Many faithful believers exalt the Shroud of Turin as the very same "clean linen cloth" in which the crucified Jesus Christ was wrapped before rising on the third day from his tomb. The yellowed piece of cloth, roughly 14 feet by 4 feet, (4 by 1 meters) bears the faint, but unmistakable imprint of a bearded man marked with wounds consistent with that of crucifixion [sources: Thurston, Squires].
The relic resides in the Cathedral of St. John the Baptist in Turin, Italy. But centuries of controversy have cast serious doubts on the shroud's authenticity.
Catholic Church documents dating from 1389 show the presiding French bishop petitioning the pope to put an end to the "scandal" surrounding the shroud at Lirey, France [source: Thurston]. The object was well-known to be the work of a local artist, who created it not as a hoax, but as part of an Easter celebration. Once displayed, the adoring crowds mistook it for the real thing, stained with the very sweat and blood of the Savior. The relic passed through several hands before arriving in Turin in 1578 [source: Knapton].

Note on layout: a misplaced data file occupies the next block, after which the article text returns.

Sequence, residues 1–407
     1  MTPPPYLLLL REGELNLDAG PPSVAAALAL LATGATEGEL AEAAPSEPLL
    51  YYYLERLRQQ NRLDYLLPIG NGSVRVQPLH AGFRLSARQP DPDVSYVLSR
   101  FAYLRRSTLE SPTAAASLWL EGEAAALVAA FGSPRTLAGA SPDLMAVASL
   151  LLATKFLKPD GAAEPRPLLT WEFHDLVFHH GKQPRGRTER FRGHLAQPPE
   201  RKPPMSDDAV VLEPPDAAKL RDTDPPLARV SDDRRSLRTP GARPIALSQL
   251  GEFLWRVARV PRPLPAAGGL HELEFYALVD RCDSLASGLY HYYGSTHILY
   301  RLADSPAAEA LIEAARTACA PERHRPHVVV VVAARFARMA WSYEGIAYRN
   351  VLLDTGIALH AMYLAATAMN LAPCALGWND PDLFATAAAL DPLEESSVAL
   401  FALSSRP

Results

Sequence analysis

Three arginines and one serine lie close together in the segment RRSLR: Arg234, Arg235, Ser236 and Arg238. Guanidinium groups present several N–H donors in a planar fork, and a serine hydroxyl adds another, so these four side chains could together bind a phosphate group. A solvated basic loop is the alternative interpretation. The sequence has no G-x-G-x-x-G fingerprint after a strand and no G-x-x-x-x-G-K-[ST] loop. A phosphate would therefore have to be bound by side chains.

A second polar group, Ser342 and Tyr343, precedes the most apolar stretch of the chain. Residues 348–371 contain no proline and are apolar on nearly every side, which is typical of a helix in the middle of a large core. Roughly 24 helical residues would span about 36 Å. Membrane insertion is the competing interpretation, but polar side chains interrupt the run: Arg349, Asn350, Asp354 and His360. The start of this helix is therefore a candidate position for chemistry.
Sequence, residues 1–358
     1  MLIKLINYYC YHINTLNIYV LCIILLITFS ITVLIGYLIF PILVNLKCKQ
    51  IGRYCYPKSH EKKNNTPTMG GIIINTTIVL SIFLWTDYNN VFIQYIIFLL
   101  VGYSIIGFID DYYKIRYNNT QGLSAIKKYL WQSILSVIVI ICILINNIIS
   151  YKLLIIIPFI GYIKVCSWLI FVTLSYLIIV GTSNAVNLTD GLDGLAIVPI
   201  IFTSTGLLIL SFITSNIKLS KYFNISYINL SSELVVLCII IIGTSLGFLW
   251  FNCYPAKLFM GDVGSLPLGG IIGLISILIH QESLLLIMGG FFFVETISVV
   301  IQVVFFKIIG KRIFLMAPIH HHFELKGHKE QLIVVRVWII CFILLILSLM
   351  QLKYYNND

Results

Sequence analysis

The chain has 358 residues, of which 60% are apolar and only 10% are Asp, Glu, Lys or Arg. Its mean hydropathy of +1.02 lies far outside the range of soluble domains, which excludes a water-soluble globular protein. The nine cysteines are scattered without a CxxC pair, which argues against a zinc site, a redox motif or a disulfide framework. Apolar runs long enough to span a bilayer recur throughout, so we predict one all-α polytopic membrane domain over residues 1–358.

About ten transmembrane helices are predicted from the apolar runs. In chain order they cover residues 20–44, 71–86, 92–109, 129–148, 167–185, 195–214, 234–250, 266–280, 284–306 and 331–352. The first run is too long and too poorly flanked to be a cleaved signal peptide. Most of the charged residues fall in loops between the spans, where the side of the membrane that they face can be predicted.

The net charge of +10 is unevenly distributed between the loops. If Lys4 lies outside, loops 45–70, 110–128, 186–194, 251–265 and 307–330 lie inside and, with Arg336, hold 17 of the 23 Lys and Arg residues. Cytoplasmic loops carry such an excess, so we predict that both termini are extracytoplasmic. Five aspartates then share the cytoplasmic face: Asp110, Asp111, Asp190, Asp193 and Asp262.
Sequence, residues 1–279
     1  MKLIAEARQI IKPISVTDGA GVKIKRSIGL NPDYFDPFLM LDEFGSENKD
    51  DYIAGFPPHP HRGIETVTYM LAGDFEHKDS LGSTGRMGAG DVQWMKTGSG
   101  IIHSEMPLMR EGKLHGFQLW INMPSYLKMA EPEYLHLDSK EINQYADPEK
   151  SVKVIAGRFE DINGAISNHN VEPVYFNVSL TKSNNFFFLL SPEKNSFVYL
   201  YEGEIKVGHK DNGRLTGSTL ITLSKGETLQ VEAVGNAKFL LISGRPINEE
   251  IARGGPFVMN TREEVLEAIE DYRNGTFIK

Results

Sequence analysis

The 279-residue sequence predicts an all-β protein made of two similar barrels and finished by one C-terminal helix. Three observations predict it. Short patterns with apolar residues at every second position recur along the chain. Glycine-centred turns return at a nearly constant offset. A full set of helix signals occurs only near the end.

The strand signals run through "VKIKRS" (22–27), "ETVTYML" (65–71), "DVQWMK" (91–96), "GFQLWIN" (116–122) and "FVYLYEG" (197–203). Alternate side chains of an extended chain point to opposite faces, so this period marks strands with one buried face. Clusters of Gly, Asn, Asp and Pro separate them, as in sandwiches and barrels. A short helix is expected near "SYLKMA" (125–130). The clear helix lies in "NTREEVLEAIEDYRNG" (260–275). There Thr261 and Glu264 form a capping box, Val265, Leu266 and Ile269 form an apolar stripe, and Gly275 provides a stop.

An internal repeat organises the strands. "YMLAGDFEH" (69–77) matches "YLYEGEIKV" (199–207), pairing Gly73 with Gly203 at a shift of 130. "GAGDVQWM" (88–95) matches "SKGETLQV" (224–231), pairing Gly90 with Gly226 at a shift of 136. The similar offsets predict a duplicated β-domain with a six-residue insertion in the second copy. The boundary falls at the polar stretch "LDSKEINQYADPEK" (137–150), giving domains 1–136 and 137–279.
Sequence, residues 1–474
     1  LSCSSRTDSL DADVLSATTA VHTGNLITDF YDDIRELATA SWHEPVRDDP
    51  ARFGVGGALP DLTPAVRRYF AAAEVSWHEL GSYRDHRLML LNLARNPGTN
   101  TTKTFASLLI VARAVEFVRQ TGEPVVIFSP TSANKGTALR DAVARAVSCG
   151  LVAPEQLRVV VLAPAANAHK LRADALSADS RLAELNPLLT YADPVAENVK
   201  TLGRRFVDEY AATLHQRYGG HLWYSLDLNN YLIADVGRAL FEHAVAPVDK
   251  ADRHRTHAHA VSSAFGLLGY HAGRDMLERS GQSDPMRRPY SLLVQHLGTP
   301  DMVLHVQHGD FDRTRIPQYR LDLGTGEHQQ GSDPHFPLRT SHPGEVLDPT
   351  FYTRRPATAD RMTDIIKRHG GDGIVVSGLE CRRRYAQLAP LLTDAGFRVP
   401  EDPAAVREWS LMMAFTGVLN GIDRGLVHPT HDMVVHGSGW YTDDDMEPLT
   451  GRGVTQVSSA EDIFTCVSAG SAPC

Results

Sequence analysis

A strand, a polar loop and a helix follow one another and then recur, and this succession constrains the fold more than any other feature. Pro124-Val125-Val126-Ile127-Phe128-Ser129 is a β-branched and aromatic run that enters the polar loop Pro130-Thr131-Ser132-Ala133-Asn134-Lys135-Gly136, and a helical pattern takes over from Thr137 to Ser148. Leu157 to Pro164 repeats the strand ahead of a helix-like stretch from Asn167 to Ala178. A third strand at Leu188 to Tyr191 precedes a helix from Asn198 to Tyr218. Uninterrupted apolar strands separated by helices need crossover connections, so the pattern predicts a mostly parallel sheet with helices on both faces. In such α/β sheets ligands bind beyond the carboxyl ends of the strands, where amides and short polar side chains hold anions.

Carbon dating has never successfully linked the fibers of the cloth to the time of Christ, although Italian scientists published a new theory in 2014. Apparently, a powerful earthquake in 33 C.E. could have released enough radioactive emissions to not only imprint the image of Christ on the cloth, but alter the molecular structure of its fibers in such a way as to produce incorrect carbon dating results [source: Knapton].